South Korea’s Financial Regulator Tightens Rules On Crypto Exchange Bank Accountsbr>
South Korea’s Financial Services Commission (FSC) said it will step up monitoring of money transfers between local and foreign crypto exchanges.
In a statement, the FSC said that it has amended the anti-money laundering (AML) rules that apply to crypto exchanges. Under the new rules, which will come into force on July 10 for one year, local banks who provide services to crypto exchanges must now monitor all the accounts held by an exchange. Banks will be required to keep an eye out for transactions in which exchanges move assets to or from foreign exchanges. In cases where suspicious transactions come to light, the information must be shared with the regulator.
According to the FSC, its recent inspections at three local banks, Nonghyup Bank, KB Kookmin Bank and KEB Hana Bank, found that some exchanges had moved assets from investors’ depositing account to their own operating accounts. The regulator said this kind of activity violates guidelines requiring crypto exchanges to keep investors’ assets separate from their own.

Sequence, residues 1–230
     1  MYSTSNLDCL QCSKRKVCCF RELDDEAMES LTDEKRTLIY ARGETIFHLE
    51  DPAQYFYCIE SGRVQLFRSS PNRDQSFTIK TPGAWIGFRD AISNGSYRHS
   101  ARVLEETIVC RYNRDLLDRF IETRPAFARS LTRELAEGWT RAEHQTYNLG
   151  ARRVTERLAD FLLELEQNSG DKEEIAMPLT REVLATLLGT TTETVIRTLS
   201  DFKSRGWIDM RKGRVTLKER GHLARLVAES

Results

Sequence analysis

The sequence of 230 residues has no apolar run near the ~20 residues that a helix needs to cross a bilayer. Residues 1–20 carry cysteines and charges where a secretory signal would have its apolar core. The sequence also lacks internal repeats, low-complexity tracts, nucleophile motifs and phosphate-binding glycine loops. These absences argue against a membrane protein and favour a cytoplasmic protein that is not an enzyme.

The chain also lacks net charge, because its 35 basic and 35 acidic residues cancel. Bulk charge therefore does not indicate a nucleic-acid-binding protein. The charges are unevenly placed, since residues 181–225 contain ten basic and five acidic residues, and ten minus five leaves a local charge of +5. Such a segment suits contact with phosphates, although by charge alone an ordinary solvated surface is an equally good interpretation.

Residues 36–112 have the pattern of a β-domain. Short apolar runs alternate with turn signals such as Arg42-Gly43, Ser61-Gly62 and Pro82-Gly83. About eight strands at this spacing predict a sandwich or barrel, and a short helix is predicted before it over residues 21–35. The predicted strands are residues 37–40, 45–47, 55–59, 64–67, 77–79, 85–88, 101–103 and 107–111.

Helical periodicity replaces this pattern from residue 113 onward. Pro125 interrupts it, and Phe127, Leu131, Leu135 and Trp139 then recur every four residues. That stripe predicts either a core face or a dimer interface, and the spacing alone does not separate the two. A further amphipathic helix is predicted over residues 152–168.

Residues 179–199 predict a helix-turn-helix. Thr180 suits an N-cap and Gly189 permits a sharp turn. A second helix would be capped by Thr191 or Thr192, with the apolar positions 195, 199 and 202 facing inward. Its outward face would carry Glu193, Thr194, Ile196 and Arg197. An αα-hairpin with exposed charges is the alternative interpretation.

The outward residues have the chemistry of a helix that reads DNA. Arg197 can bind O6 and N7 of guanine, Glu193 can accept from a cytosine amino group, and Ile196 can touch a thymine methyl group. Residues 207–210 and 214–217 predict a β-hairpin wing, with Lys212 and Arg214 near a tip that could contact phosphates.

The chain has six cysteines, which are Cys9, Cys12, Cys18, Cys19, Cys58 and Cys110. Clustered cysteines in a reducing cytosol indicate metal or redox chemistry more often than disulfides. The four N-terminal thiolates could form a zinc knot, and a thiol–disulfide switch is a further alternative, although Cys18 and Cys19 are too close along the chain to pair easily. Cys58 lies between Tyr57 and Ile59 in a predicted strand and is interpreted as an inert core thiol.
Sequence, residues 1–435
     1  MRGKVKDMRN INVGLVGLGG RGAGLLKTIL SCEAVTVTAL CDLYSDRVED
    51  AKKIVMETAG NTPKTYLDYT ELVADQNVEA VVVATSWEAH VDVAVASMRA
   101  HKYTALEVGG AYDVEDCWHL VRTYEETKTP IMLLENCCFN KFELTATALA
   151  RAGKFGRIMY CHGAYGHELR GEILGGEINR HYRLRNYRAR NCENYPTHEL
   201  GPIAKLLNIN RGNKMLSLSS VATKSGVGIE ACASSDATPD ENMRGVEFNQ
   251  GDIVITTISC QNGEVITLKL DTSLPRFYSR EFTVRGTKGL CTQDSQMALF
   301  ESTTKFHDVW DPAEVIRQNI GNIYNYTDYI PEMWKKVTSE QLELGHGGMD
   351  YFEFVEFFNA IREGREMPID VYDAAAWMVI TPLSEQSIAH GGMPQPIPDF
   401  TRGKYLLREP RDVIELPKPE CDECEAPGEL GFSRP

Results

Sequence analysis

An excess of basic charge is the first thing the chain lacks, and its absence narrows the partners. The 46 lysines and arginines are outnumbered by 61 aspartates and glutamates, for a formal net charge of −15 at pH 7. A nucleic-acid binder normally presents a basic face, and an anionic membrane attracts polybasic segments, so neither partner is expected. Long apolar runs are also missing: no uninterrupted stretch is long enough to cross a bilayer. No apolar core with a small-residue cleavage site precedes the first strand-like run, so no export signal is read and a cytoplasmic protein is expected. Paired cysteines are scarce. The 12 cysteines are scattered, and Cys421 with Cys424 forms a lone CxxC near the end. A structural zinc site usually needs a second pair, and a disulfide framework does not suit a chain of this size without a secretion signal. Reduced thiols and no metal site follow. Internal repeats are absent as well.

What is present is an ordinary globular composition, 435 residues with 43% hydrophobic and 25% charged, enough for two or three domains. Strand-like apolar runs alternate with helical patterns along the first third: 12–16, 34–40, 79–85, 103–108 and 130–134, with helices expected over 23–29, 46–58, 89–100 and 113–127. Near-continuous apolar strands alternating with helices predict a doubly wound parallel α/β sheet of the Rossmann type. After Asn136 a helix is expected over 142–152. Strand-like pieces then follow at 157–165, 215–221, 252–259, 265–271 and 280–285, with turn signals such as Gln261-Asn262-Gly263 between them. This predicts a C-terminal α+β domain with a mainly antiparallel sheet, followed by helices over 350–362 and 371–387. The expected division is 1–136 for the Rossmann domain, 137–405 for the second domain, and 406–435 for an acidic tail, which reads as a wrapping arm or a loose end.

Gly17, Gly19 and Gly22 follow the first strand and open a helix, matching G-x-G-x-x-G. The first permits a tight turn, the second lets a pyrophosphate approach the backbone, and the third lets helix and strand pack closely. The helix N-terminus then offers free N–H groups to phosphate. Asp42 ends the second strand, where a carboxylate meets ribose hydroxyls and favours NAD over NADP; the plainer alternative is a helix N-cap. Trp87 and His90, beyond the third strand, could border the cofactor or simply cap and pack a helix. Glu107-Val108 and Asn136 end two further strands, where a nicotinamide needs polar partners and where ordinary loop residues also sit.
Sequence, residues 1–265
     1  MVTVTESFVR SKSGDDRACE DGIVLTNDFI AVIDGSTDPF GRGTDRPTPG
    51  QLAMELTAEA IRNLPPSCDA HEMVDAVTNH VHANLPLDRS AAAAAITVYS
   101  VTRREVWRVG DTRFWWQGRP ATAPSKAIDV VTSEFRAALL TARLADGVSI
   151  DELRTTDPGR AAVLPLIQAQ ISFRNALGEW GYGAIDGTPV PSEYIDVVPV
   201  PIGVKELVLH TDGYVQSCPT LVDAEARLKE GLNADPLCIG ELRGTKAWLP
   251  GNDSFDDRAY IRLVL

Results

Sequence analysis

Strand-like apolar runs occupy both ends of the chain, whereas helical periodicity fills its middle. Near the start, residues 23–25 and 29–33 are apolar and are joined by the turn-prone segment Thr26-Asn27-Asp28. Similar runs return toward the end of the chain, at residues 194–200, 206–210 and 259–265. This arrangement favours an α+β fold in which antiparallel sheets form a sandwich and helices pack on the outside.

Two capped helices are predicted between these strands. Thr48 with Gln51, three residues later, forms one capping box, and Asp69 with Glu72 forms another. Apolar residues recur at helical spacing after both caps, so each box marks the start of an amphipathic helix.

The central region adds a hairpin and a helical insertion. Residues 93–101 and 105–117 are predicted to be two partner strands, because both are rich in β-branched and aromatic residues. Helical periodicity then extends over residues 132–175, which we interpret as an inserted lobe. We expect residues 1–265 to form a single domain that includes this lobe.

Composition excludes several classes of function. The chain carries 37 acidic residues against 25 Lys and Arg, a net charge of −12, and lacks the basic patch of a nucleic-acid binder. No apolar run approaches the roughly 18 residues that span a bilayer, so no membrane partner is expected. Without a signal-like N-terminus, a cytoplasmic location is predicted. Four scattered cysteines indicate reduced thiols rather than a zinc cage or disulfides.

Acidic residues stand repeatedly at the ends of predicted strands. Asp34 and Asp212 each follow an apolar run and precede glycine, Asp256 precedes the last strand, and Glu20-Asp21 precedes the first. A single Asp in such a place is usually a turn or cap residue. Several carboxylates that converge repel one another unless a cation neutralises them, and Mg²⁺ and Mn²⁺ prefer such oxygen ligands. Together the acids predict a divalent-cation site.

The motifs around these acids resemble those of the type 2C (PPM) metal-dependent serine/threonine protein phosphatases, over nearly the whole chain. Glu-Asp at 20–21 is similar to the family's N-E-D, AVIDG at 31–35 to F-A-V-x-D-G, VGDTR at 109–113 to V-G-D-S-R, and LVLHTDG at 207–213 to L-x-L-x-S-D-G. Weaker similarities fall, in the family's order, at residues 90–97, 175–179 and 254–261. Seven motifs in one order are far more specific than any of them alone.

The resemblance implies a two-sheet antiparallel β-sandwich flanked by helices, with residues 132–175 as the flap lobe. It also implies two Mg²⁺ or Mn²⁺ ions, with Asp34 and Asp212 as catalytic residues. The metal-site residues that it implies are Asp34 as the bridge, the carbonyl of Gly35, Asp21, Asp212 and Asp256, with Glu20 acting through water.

“We plan to closely keep tabs on bank accounts used by cryptocurrency exchanges for parking their expenses,” the FSC said.
In January of this year, the government launched a real-name trading system for cryptocurrencies, banning the use of anonymous bank accounts in transactions to prevent digital currencies from being used for money laundering and other illegal activities.
Earlier this month, the Korea Financial Intelligence Unit (FIU) said they will oversee crypto exchanges and will impose the same regulations that are currently in place for banks. The FIU said that it will follow the movement of leading economies such as the US to prevent money laundering and terrorism financing with more rigorous verification processes for large transactions and monitoring of users.